Moat

The class system and the ballpark

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Emma Span of Sports on Earth looks at that business with the Twins’ aborted effort to sell tickets to batting practice and gets to, what I feel anyway, is the heart of the matter: the luxury-i-fication of Major League Baseball games:

Target Field is a beautiful new stadium, but like most of the beautiful new stadiums, it comes with much more built-in class separation than most ballparks used to have … there are more than a few additional luxury seats and suites and clubs than there used to be. Increasingly, ballgames feel like airlines: they have a clearly defined caste system. People willing to pay extra get an entirely different experience than the rest of us. And that context makes a relatively harmless offer like early BP tickets feel more ominous: just one more perk for the fans with money, one more thing they get that we don’t.  There are a lot of those moments in life, of course, and this is way, way down on the list of important ones. Still, it would be nice to get a bit of a break from all that at a ball game.

This is not just at ballparks. It’s seemingly everywhere. The ability to pay to get out of some sort of drudgery of everyday life or, alternatively, to get a taste of the good life. Front-of-the-line-passes. Elite status everything. It’s, in most respects, a logical extension of a capitalist system — if people want something, someone will provide it at some cost — but it also comes at another cost, and that of a shared civic experience.

Maybe it’s not worth the inconvenience, but there is something being lost in this country when it comes to this sort of thing. The idea that all of us, rich or poor, know what it’s like to stand on the same line for some thing. There is an equalizing aspect to it all. Sure, maybe the super rich could have a servant go mail a package or something, but most of us all used to sit in the same general sections, stand in the same lines and deal with the same experiences as anyone else. And even if there were differences — good seats always cost more than cheap seats — there wasn’t such a clear demarcation between them. The exclusivity of a given thing was not so apparent. Indeed, I think half the time now you pay that extra bit precisely for that image of exclusivity more than you pay for the enhanced good or service itself.

Now we don’t have to sit in the same areas and stand in the same lines. At least we don’t if we have the means to avoid it.  Which, quite often, is nice. But I do feel like it highlights our differences and creates divisions in ways that the old, inefficient and sometimes dreary ways never did. And even if it’s not enough to make me want to take away someone’s Platinum Elite Priority Status, it is in many ways regrettable.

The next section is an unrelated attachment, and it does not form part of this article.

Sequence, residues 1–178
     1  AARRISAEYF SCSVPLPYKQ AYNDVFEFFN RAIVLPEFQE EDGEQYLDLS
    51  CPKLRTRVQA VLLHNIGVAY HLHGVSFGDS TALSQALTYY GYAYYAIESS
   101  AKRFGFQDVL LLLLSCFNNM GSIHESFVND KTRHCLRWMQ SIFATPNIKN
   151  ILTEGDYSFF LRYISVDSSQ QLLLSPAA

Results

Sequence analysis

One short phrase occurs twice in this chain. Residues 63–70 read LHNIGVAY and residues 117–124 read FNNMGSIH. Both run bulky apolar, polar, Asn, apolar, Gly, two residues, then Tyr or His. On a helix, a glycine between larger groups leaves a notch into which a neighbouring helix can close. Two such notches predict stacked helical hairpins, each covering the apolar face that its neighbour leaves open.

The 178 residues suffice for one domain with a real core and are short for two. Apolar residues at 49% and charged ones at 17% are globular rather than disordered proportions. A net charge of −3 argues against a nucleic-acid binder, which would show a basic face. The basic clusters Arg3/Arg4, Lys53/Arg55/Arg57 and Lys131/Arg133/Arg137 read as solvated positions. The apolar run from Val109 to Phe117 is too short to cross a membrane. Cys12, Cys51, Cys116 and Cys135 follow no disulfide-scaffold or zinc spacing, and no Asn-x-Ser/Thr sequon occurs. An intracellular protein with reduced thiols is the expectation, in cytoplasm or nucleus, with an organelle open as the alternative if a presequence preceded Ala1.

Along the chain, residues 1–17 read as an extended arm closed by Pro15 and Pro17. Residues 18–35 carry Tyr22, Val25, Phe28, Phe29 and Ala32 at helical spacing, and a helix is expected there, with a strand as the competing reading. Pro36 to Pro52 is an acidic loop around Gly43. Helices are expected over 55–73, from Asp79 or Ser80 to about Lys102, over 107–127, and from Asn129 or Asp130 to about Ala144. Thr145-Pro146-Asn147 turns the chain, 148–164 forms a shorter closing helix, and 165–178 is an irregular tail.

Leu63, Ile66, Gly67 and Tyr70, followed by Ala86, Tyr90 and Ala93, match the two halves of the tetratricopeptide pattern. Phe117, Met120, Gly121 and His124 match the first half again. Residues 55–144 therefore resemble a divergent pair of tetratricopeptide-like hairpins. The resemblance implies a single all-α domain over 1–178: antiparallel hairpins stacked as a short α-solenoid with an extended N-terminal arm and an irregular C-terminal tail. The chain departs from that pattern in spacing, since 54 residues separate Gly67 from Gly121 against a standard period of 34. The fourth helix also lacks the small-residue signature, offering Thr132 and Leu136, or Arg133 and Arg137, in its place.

Video: Aledmys Diaz hits a grand slam in remembrance of Jose Fernandez

ST. LOUIS, MO - JULY 21: Aledmys Diaz #36 of the St. Louis Cardinals hits an RBI single against San Diego Padres in the sixth inning at Busch Stadium on July 21, 2016 in St. Louis, Missouri.  (Photo by Dilip Vishwanat/Getty Images)
Dilip Vishwanat/Getty Images
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Cardinals shortstop Aledmys Diaz was childhood friends with Marlins pitcher Jose Fernandez, so it was expected when Diaz took time away from the team on Monday to visit Fernandez’s family in Miami. They grew up on the same street in Cuba and played for the same youth baseball team and both would ultimately wind up playing Major League Baseball in the United States.

In the bottom of the fourth inning of Tuesday night’s game against the Reds, Diaz hit a 2-1 Robert Stephenson fastball out to left-center field for a no-doubt grand slam. Teammate Yadier Molina gave Diaz a tight hug as he crossed home plate.

Before Tuesday’s game, Diaz said that the best way to honor Fernandez was to play with his passion, as MLB.com’s Jenifer Langosch reports. Diaz said, “I only play for [Fernandez’s] family right now.”

Here’s the video.

AL East still mathematically undecided as Red Sox lose, Blue Jays win

NEW YORK, NY - SEPTEMBER 27:  David Price #24 of the Boston Red Sox pitches in the first inning against the New York Yankees at Yankee Stadium on September 27, 2016 in the Bronx borough of New York City.  (Photo by Jim McIsaac/Getty Images)
Jim McIsaac/Getty Images
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The Red Sox would have clinched the AL East if one of two things happened on Tuesday night: the Red Sox themselves beat the Yankees, or the Orioles defeated the Blue Jays. Neither happened.

The Jays soundly took down the Orioles 5-1 behind six strong innings from Aaron Sanchez. Josh Donaldson went 2-for-2 with a two-run home run and a pair of walks and leadoff batter Ezequiel Carrera went 2-for-3 with a solo homer, an RBI single, a walk, and three runs scored.

Meanwhile, at Yankee Stadium, the Yankees outlasted the Red Sox for a 6-4 win, responding to both two-run innings the Sox had in the sixth and seventh with a run in the sixth and two in the seventh. Gary Sanchez hit his 20th homer of the season. Didi Gregorius and Tyler Austin also contributed dingers. Starter Luis Cessa pitched well, limiting the Sox to two runs over six innings on five hits and a walk with two strikeouts. Red Sox starter David Price struggled, yielding six runs in 6 1/3 innings. Yankees reliever Tyler Clippard got into trouble in the ninth inning but was able to wiggle out of trouble to finish out the game.

Once again, the Red Sox will be able to clinch the AL East on Wednesday with a win over the Yankees or a Blue Jays loss to the Orioles.